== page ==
• That elevates it into a competing software distribution platform offering outside content, something the Android Market terms of service prohibits.

      I predict Amazon marketplace will be blocked from Google marketplace :D

    • The solution to Market restrictions is to work around needing the Market.

      I'm sure Slashvertising was at least partially effective. :)

    • It's also pretty obvious why the rule is in place. I believe we all know flash apps themselves are subject to security flaws. Someone downloads kongregate's app from the google ap store, kongregate accepts a program that actually has a virus. All of a sudden google gets bombarded with "I got this in your store and it has a virus, what kind of quality control do you have, apple is right". This isn't a hinderence to fans of kongregate's games, if you are familliar with their games you are familliar with their
    • I'm glad to see that software repositories (app stores) are finally making their way into everything from phones to Windows (8?) and iOS.

      However, I'm pissed off at the limited and closed way that these repositories are designed.

      I get that the repo management should be able to punt any app they don't like. However, the users should also be able to add additional repositories (sources for downloading apps).

      It would be great to have a unified app selection process instead of having to jump between repos -- Wa

  • Says it all, really (Score:5, Informative)

    by bhunachchicken ( 834243 ) on Tuesday January 25, 2011 @05:48AM (#34991830) Homepage

    Google Marketplace: "My house, my rules."

    Android Phone User: "My phone, my rules."

    Apple App Store: "My house, my rules."

    iPhone User: "My phone, Apple's rules."

    • Re: (Score:3, Insightful)

      by jo_ham ( 604554 )

      Android Phone User: "Give me Froyo!"

      Some Android Handset Makers: "No! Buy a new phone!"

      Sorry, couldn't resist.

      Also note that rooting the phone to install 2.2 solves the problem, but so does rooting an iPhone to solve the "Apple' rules" problem.

      Still, the level of hypocrisy seen in these comments is just hilarious. Google are taking the exact position that Apple have taken: deciding what will and won't be allowed in their online store, and yet the twisting and contorting by the Apple-bashing folk to justify

      • I call them "Droidbois".

      • by Skreems ( 598317 )
        It only looks like hypocrisy if you didn't really understand the original complaint to begin with.
        • by jo_ham ( 604554 )

          The original complaint being "I want an iPhone, but I know ahead of time that the system is a walled garden, despite this I will moan and complain that it should be more like Android"?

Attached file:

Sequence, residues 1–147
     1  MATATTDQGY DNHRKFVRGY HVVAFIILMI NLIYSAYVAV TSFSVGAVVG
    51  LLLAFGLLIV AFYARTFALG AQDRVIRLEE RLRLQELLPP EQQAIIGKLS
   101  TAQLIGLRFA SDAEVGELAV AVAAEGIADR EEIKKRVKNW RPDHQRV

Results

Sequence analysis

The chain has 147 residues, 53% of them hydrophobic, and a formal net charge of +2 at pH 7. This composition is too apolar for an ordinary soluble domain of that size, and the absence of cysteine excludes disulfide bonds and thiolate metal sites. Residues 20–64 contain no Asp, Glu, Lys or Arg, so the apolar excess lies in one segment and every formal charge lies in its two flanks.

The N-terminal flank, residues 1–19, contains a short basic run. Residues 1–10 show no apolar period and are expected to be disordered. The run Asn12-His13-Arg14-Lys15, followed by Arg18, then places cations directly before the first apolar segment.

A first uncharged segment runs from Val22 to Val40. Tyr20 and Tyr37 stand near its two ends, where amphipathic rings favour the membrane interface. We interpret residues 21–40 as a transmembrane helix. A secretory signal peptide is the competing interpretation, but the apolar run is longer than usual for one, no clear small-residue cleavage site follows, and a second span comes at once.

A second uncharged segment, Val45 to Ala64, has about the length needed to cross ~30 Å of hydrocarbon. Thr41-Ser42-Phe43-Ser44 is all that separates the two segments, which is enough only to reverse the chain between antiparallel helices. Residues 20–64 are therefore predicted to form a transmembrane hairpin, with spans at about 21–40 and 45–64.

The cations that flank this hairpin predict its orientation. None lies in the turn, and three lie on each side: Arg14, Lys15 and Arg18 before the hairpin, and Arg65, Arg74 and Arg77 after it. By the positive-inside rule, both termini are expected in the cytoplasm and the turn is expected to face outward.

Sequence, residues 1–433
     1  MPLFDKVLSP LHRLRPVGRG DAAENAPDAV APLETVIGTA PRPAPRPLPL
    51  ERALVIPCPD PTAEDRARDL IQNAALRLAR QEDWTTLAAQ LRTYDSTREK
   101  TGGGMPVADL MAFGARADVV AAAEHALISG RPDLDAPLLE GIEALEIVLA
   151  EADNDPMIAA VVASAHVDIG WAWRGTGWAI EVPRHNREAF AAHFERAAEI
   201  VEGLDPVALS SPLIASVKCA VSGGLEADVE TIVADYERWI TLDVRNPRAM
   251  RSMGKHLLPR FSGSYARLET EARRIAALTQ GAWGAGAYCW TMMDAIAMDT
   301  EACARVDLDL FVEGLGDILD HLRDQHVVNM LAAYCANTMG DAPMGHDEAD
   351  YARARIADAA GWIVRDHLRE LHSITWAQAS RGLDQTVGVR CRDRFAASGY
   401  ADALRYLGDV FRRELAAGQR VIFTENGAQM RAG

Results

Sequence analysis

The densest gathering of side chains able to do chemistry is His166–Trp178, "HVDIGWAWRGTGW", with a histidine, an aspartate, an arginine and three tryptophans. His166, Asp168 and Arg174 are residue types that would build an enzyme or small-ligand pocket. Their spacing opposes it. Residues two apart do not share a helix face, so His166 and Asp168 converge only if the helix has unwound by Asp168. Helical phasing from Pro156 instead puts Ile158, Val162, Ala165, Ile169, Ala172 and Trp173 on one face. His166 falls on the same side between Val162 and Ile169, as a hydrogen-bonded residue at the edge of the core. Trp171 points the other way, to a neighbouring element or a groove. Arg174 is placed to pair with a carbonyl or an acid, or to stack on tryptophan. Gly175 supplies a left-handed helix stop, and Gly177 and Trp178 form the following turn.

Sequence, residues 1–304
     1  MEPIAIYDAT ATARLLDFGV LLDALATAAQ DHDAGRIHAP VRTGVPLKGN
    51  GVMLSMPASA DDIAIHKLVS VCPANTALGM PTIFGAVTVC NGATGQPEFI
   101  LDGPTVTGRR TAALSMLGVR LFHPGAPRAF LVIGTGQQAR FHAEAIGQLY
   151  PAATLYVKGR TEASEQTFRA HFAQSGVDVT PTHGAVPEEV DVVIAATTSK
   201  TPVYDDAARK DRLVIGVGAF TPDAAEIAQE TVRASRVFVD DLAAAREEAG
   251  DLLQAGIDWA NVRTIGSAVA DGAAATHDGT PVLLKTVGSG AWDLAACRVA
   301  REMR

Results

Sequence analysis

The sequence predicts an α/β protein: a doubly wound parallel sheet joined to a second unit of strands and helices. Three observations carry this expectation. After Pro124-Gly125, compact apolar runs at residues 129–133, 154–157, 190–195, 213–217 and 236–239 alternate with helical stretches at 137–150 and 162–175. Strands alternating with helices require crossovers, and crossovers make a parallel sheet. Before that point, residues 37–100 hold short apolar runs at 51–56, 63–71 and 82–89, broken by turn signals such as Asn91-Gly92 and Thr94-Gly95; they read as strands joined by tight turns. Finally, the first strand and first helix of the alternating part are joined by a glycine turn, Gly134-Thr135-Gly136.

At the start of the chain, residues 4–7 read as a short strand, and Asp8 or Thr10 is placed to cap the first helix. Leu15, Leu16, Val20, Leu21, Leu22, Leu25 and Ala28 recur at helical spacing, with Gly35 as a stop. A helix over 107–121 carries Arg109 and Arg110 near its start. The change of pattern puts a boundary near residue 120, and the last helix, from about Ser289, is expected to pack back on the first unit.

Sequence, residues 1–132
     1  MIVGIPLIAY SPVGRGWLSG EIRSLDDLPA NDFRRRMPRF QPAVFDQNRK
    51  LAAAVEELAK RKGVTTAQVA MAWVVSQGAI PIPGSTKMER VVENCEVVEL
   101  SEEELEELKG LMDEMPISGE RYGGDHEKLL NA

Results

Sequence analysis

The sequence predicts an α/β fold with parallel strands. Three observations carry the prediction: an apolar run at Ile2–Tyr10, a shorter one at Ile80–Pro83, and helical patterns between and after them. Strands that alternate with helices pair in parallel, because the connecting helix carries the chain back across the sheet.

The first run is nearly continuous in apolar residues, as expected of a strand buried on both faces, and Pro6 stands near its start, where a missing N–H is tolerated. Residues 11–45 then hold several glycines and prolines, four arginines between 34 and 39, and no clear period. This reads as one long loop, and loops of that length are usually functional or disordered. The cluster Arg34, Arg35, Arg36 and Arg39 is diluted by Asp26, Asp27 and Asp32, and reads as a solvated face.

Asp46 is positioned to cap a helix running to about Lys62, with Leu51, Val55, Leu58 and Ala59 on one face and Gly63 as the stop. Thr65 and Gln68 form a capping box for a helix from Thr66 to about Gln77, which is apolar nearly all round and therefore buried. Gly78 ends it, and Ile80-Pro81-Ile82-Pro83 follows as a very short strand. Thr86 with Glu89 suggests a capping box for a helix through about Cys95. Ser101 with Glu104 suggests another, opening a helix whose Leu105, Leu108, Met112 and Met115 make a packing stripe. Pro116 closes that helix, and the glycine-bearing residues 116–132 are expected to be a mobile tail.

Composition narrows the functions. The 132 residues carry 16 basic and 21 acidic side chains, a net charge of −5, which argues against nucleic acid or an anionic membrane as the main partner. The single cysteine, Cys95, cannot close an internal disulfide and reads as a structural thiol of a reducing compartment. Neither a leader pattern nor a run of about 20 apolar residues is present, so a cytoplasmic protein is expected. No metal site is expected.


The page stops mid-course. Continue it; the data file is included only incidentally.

There are pros and cons to both ecosystems - a negative on the iPhone side is an inability to install apps that are not in the app store without jailbreaking. This is irrelevant to a discussion about what apps are sold in the store however; if the potential inability to install apps not approved by Apple is a concern then why

          • You're glossing over the (very important) point about what exactly the rules in the store are. Sure, from a legal perspective, you can say "Their store, their rules" and be done with it. But from a practical perspective it matters a lot if they have a rule that says you can't re-implement the functionality present in current (or planned) official applications, as Apple had/has (I'm not current on their stance in this regard). Google, on the other hand, goes out of their way to point out that you can rep

      • Google are taking the exact position that Apple have taken: deciding what will and won't be allowed in their online store, and yet the twisting and contorting by the Apple-bashing folk to justify this as somehow different from Apple is amusing

        I don't see why you find something amusing that it is patently obvious: Google is different from Apple in that respect because Google Android Marketplace is not the sole channel of legally installing applications on one's Android phone, and therefore Google policies in Marketplace - no matter how restrictive - do not prevent Android users from installing applications from other sources.

    • Except that there is no such practical thing as an "Android user" as you haven't considered the handset manufacturer, network provider and the stacks of legalese that they put between you and your OS. Not to mention any modifications that have been applied to your phone to lock down your experience, eg crapware that can't be removed, blocking root access etc. And google by the way are responsible for this because when they chose the android license (as a known side effect of the linux codebase they elected
    • by Chemisor ( 97276 )

      Steve Jobs: "You are so grounded!"

    • by sorak ( 246725 )

      Google Marketplace: "My house, my rules."

      Android Phone User: "My phone, my rules."

      Apple App Store: "My house, my rules."

      iPhone User: "My phone, Apple's rules."

      Windows Mobile User: Fuck, is that a tumbleweed?

    • iPhone User: "My phone, Apple's rules."